Drinking Water in Rural Areas

Rural areas in developing nations have the greatest need for clean water - and its absence there has the greatest consequences.

A tremendous opportunity exists in the villages and highly underdeveloped areas of developing nations. However, there are obvious difficulties in bringing water infrastructure to these areas, including:

  • Lack of available capital
  • Lack of technical capabilities
  • Widespread geographies
  • Highly localized politics

To overcome these challenges,

Epiphany’s plan is to partner with pre-existing nonprofit and NGO groups with sophisticated networks of personnel on the ground in these various settings. Epiphany has already initiated relationships with Rotary, Unicef, US-AID, Red Cross/Crescent, the US Peace Corps, and several other missionary and nonprofit groups. These groups will identify suitable individuals and help establish them as “micro-entrepreneurs” in each village to become the local water suppliers.

With the financial assistance of groups such as the World Bank, the micro-entrepreneurs will purchase or lease (depending on the circumstances) Epiphany’s simple, self-contained, portable water purification systems and then resell the water produced by the units to their communities for a small profit.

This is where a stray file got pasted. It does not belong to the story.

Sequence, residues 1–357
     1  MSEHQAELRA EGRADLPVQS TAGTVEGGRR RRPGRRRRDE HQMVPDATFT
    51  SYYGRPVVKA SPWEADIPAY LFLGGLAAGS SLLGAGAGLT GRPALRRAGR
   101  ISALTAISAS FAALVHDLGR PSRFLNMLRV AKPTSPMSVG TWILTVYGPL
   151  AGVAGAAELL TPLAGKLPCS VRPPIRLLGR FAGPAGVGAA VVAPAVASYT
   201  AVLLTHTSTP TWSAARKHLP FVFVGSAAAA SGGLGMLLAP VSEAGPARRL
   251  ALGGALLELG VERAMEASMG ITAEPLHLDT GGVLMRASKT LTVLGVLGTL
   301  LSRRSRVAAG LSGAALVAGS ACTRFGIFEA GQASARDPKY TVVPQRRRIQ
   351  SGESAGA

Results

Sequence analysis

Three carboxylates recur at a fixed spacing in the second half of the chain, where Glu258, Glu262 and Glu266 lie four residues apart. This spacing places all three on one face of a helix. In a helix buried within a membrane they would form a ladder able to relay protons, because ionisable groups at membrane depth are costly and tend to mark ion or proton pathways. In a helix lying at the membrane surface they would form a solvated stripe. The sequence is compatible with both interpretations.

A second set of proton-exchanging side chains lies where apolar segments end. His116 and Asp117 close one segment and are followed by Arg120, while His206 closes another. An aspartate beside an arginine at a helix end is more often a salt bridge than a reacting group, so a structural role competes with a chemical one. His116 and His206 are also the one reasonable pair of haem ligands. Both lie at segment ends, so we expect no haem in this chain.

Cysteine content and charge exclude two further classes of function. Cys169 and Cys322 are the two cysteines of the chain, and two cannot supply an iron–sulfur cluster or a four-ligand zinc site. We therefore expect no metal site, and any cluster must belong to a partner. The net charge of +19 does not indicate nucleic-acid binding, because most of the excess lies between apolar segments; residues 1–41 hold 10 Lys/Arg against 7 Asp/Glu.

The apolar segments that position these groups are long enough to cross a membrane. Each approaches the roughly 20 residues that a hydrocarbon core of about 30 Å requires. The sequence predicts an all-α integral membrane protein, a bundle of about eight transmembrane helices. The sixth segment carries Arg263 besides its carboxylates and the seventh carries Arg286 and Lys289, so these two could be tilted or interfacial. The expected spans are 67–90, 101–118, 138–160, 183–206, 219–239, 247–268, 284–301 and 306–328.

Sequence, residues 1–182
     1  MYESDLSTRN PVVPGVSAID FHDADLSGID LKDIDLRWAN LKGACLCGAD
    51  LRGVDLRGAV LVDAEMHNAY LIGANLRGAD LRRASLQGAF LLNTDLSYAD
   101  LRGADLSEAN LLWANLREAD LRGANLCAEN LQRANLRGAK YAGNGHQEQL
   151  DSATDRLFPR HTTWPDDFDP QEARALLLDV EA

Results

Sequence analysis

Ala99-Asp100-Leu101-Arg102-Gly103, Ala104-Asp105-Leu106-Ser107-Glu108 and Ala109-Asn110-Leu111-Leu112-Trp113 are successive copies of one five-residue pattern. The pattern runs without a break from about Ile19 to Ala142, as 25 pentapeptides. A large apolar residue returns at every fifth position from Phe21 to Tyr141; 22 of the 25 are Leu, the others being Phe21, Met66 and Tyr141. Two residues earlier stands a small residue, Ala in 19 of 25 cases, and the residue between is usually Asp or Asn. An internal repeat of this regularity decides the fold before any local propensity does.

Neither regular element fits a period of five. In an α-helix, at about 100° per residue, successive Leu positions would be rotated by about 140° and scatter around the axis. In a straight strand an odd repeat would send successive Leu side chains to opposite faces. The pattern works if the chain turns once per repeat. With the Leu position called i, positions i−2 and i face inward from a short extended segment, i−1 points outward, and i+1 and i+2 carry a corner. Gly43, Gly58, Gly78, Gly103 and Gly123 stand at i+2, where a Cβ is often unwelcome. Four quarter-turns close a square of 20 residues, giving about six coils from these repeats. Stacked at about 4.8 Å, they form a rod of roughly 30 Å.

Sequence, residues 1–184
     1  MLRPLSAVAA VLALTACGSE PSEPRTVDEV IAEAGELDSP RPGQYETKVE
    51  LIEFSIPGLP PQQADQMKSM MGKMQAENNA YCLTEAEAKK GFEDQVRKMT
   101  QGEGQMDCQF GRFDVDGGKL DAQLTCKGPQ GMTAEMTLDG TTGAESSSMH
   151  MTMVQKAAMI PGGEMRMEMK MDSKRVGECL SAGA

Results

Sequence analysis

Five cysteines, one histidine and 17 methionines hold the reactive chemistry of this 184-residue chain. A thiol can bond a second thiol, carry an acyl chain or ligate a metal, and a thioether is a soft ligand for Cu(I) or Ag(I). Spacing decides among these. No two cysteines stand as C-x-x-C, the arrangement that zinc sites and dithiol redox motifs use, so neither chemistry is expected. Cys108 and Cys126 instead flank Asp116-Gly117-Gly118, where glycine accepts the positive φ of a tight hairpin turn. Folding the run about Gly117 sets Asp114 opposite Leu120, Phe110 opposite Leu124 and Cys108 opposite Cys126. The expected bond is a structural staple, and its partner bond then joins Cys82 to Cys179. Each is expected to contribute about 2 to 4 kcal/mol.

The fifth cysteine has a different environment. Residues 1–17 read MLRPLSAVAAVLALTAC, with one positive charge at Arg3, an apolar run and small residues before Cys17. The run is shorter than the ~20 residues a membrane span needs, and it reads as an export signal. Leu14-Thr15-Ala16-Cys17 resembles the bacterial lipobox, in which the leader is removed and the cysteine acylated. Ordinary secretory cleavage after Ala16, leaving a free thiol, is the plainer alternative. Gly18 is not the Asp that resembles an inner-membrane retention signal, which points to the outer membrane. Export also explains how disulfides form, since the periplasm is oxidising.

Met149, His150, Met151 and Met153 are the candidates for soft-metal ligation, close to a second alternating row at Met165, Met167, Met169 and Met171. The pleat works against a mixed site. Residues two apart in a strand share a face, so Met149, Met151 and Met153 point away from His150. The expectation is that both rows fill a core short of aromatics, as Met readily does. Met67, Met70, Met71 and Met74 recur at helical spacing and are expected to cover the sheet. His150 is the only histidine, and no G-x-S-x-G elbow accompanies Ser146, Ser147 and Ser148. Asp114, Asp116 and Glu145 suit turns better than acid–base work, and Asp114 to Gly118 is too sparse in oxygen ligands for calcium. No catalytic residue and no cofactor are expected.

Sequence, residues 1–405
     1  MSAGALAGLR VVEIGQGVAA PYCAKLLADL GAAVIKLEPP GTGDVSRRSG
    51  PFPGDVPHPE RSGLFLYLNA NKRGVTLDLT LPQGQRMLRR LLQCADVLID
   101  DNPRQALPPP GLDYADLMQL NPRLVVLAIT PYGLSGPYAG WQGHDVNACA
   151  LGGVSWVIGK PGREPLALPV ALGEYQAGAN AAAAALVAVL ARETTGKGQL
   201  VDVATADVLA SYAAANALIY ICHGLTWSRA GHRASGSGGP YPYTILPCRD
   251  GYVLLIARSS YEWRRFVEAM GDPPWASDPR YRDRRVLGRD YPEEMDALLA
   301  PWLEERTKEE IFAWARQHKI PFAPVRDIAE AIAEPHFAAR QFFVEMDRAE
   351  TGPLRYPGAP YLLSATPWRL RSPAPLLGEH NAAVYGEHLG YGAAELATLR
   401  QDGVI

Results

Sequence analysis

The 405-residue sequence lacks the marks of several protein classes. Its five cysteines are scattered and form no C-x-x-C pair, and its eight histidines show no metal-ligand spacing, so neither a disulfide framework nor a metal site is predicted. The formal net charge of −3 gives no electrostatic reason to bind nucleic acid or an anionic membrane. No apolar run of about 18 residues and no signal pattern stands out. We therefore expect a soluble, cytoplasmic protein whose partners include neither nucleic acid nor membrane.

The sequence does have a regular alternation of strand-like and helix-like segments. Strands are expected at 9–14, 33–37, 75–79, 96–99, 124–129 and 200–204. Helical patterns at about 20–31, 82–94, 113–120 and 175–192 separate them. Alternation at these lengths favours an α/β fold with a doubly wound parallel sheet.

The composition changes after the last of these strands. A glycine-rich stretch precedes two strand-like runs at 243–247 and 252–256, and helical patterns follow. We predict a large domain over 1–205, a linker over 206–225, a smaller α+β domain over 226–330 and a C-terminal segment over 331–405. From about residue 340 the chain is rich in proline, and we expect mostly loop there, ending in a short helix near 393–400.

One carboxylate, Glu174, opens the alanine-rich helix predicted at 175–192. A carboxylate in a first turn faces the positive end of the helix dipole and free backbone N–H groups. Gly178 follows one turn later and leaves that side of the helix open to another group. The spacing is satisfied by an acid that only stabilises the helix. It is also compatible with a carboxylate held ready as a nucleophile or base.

Through Epiphany’s distribution network, these micro-entrepreneurs will be trained in the basic setup and maintenance requirements of the system so that they can maintain it under their own care. The creation of micro-entrepreneurs will provide a livelihood for the providers of the water and will allow Epiphany to access financing from groups such as the World Bank to help fund those entrepreneurs.

The unit to be sold to this market will be the E5H water purification system, which is shipped in a 20-foot shipping container which additionally serves as the mounting and operational platform when the unit reaches its destination.

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